Hitting the mark with a new magnet
7 Tesla MRI installed in the NIH Clinical Center
On Saturday Aug. 25, a 38,000 lb. magnet was delivered to the NIH Bethesda campus and hoisted into a newly renovated room at the NIH Clinical Center Nuclear Magnetic Resonance Center. The 7 Tesla (7T) magnet will be used in Magnetic Resonance Imaging (MRI) to produce detailed images of tissues and organs within the human body for research and diagnostics.
The 600-ton capacity crane required for the "rig-in" required an 80-ton capacity crane to assemble it on site. The larger crane boom towered approximately 140 feet over the Nuclear Magnetic Resonance Center and reached 175 feet across it from South Drive near Multi-Level Parking Garage 9 to the open hatch in the roof. It was no small feat maneuvering the magnet and rigging block, which together weighed 41,200 lbs – roughly the same weight as two NIH ambulances. They had to fit through an opening with barely an inch to spare on all sides.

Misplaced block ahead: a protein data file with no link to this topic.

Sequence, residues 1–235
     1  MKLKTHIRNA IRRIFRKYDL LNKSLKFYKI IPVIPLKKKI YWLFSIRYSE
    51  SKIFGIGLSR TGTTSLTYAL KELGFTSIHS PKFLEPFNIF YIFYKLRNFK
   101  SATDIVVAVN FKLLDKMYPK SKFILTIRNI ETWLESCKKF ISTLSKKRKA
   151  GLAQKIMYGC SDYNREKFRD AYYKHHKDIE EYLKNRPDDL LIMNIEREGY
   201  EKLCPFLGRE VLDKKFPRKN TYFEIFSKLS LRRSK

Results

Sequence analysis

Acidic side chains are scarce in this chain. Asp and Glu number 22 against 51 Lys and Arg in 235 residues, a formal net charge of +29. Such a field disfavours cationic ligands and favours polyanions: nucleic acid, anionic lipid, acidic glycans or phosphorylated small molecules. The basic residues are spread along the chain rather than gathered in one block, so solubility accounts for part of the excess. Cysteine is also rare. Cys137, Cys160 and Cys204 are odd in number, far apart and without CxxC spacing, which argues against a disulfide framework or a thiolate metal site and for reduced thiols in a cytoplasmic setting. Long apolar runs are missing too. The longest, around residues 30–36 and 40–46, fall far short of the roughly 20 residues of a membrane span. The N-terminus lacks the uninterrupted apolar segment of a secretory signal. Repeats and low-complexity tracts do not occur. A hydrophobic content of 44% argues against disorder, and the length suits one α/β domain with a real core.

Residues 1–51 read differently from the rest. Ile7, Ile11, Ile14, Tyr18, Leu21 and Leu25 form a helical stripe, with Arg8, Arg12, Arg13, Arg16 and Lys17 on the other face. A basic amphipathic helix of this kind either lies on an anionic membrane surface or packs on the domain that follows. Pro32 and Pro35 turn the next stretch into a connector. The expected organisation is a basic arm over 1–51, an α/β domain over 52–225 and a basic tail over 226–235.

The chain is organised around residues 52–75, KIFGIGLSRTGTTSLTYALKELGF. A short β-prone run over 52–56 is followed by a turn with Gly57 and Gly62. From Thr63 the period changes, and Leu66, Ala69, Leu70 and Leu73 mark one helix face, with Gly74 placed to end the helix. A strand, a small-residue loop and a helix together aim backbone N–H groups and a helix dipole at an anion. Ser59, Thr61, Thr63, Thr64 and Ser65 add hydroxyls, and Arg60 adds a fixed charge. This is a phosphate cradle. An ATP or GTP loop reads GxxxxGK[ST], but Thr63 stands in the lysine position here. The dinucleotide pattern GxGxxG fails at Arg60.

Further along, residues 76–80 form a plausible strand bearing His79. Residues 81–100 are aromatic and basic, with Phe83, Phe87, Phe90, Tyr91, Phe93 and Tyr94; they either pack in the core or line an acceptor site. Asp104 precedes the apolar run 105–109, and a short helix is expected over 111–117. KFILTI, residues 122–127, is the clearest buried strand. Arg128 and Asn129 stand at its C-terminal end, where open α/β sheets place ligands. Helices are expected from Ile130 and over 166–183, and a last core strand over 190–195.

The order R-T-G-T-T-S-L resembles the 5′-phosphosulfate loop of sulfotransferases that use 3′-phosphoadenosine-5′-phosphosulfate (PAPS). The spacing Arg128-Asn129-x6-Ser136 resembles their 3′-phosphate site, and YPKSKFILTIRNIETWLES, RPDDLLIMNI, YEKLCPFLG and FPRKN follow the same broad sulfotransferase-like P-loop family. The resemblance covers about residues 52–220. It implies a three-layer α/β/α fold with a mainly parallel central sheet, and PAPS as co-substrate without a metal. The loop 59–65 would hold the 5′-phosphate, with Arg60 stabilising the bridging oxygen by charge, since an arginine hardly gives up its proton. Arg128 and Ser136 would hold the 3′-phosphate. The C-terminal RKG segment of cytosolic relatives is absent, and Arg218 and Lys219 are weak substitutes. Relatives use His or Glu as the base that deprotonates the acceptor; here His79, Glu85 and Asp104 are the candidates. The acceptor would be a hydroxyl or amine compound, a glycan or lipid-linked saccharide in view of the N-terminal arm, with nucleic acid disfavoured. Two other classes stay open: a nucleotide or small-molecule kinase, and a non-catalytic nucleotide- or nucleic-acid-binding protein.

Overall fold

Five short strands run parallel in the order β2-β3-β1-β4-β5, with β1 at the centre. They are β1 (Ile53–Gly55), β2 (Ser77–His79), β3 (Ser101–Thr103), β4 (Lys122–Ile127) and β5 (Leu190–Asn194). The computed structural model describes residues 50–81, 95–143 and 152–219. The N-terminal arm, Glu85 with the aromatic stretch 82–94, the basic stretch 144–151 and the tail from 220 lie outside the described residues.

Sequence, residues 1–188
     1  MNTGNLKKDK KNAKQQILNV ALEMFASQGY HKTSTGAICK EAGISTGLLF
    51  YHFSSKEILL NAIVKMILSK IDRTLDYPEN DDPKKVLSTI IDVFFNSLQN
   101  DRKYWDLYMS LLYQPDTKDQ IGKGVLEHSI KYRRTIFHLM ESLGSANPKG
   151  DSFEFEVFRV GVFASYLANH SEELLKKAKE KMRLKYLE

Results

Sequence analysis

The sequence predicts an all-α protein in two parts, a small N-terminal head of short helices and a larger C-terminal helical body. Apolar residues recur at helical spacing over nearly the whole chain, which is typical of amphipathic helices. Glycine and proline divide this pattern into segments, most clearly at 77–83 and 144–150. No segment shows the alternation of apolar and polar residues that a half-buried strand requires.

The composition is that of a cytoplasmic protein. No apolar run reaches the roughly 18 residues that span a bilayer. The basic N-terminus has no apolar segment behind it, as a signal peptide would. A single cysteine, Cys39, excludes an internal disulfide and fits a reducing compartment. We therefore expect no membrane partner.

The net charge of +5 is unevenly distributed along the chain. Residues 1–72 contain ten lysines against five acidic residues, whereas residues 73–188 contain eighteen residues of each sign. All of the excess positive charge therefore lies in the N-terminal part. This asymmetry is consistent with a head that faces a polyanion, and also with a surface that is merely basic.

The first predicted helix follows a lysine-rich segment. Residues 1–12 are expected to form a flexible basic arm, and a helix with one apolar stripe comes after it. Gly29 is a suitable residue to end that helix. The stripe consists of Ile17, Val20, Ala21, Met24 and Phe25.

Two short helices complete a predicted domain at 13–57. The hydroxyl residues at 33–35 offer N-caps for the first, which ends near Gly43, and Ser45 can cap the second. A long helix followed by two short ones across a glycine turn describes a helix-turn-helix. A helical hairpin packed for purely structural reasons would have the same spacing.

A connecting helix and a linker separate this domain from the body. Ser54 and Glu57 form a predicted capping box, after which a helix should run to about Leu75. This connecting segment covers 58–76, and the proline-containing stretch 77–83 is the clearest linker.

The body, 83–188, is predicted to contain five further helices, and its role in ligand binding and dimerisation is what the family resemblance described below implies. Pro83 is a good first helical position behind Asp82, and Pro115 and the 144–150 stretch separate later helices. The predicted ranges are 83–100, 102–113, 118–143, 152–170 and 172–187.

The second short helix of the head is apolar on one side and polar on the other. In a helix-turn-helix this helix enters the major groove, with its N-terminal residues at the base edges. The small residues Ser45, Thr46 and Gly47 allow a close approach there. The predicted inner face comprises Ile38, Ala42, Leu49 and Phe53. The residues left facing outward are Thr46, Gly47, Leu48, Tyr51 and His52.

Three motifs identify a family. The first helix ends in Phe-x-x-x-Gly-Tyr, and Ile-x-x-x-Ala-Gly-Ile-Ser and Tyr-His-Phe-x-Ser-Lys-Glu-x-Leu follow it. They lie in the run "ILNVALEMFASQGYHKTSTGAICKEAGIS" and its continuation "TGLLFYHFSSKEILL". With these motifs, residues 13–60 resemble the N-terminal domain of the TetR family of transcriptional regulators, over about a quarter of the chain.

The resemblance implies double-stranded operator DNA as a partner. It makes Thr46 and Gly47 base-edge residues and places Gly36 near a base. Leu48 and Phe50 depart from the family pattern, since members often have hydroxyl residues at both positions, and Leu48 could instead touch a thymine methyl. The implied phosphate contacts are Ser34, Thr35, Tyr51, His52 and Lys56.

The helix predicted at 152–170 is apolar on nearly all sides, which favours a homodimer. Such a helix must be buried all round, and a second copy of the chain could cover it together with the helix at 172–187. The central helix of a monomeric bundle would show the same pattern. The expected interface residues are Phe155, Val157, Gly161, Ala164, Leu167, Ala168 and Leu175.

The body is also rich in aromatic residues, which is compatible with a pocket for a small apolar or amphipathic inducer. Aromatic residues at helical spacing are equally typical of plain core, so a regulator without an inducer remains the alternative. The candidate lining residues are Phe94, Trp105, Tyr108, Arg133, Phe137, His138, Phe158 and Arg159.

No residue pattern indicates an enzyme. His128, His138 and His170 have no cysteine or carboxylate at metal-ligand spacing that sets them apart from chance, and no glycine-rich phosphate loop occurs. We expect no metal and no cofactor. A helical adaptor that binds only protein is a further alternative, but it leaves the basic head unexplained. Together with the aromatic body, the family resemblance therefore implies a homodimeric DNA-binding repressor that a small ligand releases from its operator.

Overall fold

Daniel Lid, with the NIH Office of Research Facilities, was the project officer for this endeavor.
"This was all made possible by extensive coordination amongst a team of professionals from dozens of NIH organizations and contractor firms, all working together to safely and successfully deliver NIH's newest magnet," said Lid. "I thank them all for their teamwork and contributions that will ultimately improve NIH facilities and equipment to better support advances in discovery and healthcare."
Requiring a five-day partial closure of Parking Lot 41 to stage, 19 trucks/trailers transported the cranes and counterweights in pieces on the NIH campus for assembly and disassembly. The oversized loads were only allowed to travel on weekdays.
The 7T MRI replaces an older 3T magnet. The system, MAGNETOM Terra, was cleared by the Food and Drug Administration (FDA) for clinical imaging in October 2017. The system provides higher resolution and can reveal "functional and anatomical details not visible at lower magnet field strengths," according to manufacturer Siemens Healthineers. Installation and testing of the 7T MRI equipment continues. The official handover of the MRI suite to NIH researchers is expected by the end of 2018.